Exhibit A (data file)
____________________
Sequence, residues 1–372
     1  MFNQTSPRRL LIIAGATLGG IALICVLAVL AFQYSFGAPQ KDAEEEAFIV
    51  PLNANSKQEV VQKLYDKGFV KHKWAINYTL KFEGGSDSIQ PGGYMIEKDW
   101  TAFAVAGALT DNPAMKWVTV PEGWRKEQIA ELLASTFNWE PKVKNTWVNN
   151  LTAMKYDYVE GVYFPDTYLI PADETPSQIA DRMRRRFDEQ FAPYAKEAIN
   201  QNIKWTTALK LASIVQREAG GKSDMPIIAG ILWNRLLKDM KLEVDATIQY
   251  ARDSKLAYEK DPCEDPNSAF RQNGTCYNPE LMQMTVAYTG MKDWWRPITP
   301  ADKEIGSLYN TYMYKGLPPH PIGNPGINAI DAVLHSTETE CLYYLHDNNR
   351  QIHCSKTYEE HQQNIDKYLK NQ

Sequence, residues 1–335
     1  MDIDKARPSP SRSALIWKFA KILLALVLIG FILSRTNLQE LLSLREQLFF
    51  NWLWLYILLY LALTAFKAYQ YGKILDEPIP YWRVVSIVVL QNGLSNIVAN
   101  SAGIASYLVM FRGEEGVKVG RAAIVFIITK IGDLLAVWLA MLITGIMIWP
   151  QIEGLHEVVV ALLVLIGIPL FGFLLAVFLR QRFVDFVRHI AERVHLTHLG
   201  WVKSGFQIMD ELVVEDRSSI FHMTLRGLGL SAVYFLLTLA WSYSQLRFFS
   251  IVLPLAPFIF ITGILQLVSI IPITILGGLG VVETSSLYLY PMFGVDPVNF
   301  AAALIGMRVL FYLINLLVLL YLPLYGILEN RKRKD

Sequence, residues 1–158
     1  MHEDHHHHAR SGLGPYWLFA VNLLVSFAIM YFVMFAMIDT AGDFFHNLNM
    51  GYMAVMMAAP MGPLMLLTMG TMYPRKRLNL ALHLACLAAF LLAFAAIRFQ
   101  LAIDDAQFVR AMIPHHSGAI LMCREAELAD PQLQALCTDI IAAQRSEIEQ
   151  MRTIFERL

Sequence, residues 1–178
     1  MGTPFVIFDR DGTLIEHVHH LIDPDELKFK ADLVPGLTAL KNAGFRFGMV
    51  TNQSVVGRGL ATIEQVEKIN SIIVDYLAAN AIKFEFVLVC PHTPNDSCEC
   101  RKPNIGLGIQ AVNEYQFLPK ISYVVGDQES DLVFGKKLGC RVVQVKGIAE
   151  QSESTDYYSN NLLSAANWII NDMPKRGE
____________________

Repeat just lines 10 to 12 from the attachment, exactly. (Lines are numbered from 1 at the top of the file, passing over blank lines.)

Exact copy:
Sequence, residues 1–335
     1  MDIDKARPSP SRSALIWKFA KILLALVLIG FILSRTNLQE LLSLREQLFF
    51  NWLWLYILLY LALTAFKAYQ YGKILDEPIP YWRVVSIVVL QNGLSNIVAN